\$\begingroup\$ With the cat it is a full program, the alternative would be an unnamed function for the same byte cost function(a,b)a+b+1 \$\endgroup\$ – Jonathan Allan Feb 13 '17 at 8:10
3
\$\begingroup\$

05AB1E, 1 byte

Q

Works the same as the RProgN answer.

Checks if a and b are the same. If so, print 1. Otherwise, print 0

Try it online!

\$\endgroup\$
  • 3
    \$\begingroup\$ ¢ ( a.count(b) ) should also work for 1 byte. \$\endgroup\$ – Riley Feb 13 '17 at 16:54
  • \$\begingroup\$ @Riley you could post that as your own answer. \$\endgroup\$ – Okx Feb 13 '17 at 17:48
  • 2
    \$\begingroup\$ It's not different enough to needs it's own answer. I thought we could just combine both 1 byte solutions into one answer. \$\endgroup\$ – Riley Feb 13 '17 at 17:49
3
\$\begingroup\$

C 26 24 19 bytes

f(c,d){return!c+d;}

Ungolfed version:

int f(int c,int d)
{
   return !c+d; 
}

I hope I got the specification right. Can definitely be shortened!?

@Pavel Thanks for saving 2 bytes

@Neil Thanks for your input.

\$\endgroup\$
  • 1
    \$\begingroup\$ Do you need () around !c+d? \$\endgroup\$ – Pavel Feb 13 '17 at 7:48
  • \$\begingroup\$ @Pavel You're right, brackets were useless, updated! \$\endgroup\$ – Abel Tom Feb 13 '17 at 8:07
  • 2
    \$\begingroup\$ Not 100% sure but I think you can remove the space in your return, like return!c+d; \$\endgroup\$ – Metoniem Feb 13 '17 at 8:50
  • 1
    \$\begingroup\$ Lose the return and instead assign it with something like c+=!d \$\endgroup\$ – Ahemone Feb 13 '17 at 10:22
  • 1
    \$\begingroup\$ @AlbertRenshaw It's not something I'd rely on for portability but here are a couple of examples. I can't get it to work offline and it seems that it needs to be assigned to a non argument variable on TIO.. tio.run/nexus/… \$\endgroup\$ – Ahemone Feb 14 '17 at 6:44
3
\$\begingroup\$

MATLAB / Octave, 3 bytes

@eq

Accepts two inputs and checks for equality and yields 1 if they are equal and 0 otherwise.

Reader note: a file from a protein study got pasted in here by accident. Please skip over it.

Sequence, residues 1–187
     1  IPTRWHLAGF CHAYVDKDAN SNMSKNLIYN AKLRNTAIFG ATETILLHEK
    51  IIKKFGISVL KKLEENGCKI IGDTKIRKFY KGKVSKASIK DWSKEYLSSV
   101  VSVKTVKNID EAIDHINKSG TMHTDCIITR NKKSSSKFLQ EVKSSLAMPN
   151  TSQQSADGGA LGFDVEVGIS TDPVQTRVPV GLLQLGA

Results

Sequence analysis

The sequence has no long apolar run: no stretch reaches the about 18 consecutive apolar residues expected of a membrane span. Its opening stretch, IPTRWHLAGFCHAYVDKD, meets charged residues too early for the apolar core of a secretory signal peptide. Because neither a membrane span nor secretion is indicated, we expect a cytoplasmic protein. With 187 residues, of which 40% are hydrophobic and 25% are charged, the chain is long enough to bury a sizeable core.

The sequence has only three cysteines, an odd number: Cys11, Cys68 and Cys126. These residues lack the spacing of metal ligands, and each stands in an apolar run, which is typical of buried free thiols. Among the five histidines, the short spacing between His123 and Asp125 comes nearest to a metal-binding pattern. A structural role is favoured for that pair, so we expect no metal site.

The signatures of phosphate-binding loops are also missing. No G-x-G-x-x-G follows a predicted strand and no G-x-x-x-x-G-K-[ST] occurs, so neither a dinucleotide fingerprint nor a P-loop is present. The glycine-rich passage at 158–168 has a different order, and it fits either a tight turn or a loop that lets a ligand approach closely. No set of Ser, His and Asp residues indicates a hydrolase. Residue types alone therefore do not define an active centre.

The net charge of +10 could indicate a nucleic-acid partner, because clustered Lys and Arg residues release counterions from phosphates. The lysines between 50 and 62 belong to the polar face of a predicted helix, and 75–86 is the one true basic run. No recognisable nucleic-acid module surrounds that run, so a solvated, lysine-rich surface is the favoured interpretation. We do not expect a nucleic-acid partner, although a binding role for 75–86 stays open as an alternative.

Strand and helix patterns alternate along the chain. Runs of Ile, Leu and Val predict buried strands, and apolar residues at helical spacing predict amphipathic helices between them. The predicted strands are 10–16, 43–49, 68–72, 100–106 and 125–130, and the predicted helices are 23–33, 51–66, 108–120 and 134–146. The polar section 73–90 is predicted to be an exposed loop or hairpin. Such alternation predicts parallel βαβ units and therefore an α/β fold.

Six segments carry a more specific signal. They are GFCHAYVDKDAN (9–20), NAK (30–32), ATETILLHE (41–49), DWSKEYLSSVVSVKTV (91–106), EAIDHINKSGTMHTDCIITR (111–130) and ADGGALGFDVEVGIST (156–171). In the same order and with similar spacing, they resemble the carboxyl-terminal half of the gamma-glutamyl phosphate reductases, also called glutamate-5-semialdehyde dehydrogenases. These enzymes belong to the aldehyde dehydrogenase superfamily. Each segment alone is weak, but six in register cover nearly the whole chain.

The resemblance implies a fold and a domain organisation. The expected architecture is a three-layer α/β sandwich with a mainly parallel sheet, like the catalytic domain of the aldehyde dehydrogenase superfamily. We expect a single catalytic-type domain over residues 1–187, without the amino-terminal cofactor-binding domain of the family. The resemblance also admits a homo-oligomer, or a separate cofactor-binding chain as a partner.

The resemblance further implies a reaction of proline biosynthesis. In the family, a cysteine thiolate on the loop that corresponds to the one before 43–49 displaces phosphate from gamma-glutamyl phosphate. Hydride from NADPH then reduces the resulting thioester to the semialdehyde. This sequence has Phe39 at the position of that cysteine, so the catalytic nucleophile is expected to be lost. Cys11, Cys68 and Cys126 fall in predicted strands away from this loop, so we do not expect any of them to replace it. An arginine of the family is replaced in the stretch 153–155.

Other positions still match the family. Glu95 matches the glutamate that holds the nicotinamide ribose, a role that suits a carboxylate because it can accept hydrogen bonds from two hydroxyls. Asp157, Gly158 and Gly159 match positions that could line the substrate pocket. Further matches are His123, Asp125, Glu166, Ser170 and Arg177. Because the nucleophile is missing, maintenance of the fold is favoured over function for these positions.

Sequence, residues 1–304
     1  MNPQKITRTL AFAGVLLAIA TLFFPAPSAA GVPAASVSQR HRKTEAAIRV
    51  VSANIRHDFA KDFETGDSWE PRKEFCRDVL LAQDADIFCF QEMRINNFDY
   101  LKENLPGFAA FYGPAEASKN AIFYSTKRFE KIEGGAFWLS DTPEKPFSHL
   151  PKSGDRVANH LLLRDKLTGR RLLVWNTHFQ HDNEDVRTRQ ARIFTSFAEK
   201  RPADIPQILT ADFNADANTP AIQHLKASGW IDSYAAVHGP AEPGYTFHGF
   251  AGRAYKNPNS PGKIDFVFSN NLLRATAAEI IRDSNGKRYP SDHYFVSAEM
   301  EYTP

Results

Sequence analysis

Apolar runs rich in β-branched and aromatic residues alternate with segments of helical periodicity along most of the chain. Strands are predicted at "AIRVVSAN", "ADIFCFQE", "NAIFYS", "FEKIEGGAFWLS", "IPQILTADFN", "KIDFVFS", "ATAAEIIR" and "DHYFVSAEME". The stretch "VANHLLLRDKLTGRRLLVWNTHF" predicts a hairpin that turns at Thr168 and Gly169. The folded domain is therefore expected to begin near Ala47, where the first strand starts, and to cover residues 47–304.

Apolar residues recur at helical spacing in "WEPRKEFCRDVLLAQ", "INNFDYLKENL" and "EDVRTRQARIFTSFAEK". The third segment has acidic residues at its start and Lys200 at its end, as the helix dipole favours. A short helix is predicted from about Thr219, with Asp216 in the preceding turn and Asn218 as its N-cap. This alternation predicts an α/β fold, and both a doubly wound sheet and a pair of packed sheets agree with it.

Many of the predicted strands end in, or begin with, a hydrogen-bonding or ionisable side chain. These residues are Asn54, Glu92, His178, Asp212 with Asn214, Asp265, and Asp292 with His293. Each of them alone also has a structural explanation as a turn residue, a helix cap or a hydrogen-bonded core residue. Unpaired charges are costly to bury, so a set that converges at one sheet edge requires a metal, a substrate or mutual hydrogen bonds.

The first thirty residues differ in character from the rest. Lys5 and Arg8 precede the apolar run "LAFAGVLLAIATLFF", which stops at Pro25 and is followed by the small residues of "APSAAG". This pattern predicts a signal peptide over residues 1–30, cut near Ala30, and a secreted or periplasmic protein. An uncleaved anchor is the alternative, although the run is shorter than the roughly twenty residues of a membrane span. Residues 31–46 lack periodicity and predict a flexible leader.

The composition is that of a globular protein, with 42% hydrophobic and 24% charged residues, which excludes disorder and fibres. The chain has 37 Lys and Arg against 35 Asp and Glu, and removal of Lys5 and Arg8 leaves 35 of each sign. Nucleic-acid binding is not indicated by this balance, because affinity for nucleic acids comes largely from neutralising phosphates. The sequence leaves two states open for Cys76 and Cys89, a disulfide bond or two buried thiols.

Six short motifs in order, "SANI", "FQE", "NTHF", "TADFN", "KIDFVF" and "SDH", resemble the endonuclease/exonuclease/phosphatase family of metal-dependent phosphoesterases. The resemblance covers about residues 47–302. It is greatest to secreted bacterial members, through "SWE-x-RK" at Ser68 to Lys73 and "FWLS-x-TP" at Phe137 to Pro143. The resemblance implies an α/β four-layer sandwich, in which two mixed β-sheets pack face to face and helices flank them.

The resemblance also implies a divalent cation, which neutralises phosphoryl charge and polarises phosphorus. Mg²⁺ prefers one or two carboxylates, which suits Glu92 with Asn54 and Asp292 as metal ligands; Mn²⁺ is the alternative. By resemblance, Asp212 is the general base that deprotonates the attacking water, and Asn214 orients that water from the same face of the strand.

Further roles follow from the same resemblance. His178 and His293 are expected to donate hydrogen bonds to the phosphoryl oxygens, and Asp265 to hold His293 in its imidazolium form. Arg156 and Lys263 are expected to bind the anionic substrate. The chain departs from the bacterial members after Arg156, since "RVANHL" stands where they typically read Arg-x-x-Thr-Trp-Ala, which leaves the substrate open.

Online Demo

\$\endgroup\$
  • 4
    \$\begingroup\$ Shouldn't this be @eq? That returns a function handle which can be used to evaluate to the desired function, while just eq is meaningless. \$\endgroup\$ – Sanchises Feb 13 '17 at 8:16
  • \$\begingroup\$ @Sanchises I've seen many answers go both ways: codegolf.stackexchange.com/questions/106149/compute-the-median/…. I'm not actually sure which is preferred. \$\endgroup\$ – Suever Feb 13 '17 at 13:30
  • \$\begingroup\$ Hmmm. I should think this is more like a snippet, while an @ turns it into a valid language construct. But maybe I'm just being pedantic. \$\endgroup\$ – Sanchises Feb 13 '17 at 13:58
3
\$\begingroup\$

brainfuck, 12 bytes

Simple solution that outputs A+B+1.

,>,[-<+>]<+.

Try it online

\$\endgroup\$
  • \$\begingroup\$ Alternate answer (12 bytes): ,>,[-<++>]<. \$\endgroup\$ – Julian Lachniet Feb 13 '17 at 20:37
  • \$\begingroup\$ @JulianLachniet will that output A+2B? \$\endgroup\$ – george Mar 8 '17 at 13:37
  • \$\begingroup\$ A+2B hacked when B=0 \$\endgroup\$ – l4m2 Dec 15 '17 at 18:48
  • \$\begingroup\$ @mbomb007 I'm saying the ,>,[-<++>]<. solution \$\endgroup\$ – l4m2 Dec 18 '17 at 21:04
  • \$\begingroup\$ @JulianLachniet Yeah, that's not a valid answer because A+2B for input B=0, gives A. \$\endgroup\$ – mbomb007 Dec 18 '17 at 22:40
3
\$\begingroup\$

dc, 5 bytes

?1n+n

Try it online!

Input: Two natural numbers separated by a space on stdin.

Output: The digit 1 immediately followed by the sum of the two numbers, which is a number larger than the sum of the two numbers.

Example:

Input: 222 333

Output: 1555

\$\endgroup\$
3
\$\begingroup\$

PHP, 13 bytes; (17 REPL-less)

!max($argv)+0

Examples

[0,0] -> 1
[0,1] -> 0
[1,0] -> 0

For those without REPL use

<?=!max($argv)+0;

and run using

echo '<?=!max($argv)+0;' | php -- 0 0
\$\endgroup\$
  • \$\begingroup\$ This answer is not valid because it doesn't output anything \$\endgroup\$ – aross Feb 14 '17 at 8:57
  • \$\begingroup\$ @aross If boolean cast was problem I updated my answer \$\endgroup\$ – mleko Feb 14 '17 at 11:29
  • \$\begingroup\$ Yes, you addressed both problems. The output would be true/false, not 1/0. Also, REPL :) \$\endgroup\$ – aross Feb 14 '17 at 11:46
3
\$\begingroup\$

Cubix, 9 8 bytes

u-~OII/@

Explanation

Expanded, this answer looks like this:

    u -
    ~ O
I I / @ . . . .
. . . . . . . .
    . .
    . .

The order of the instructions that are executed is II~-O@

II~-O@
I      # First input
   -   # Minus
 I~    # NOT(second input)
    O  # Output as integer
     @ # End program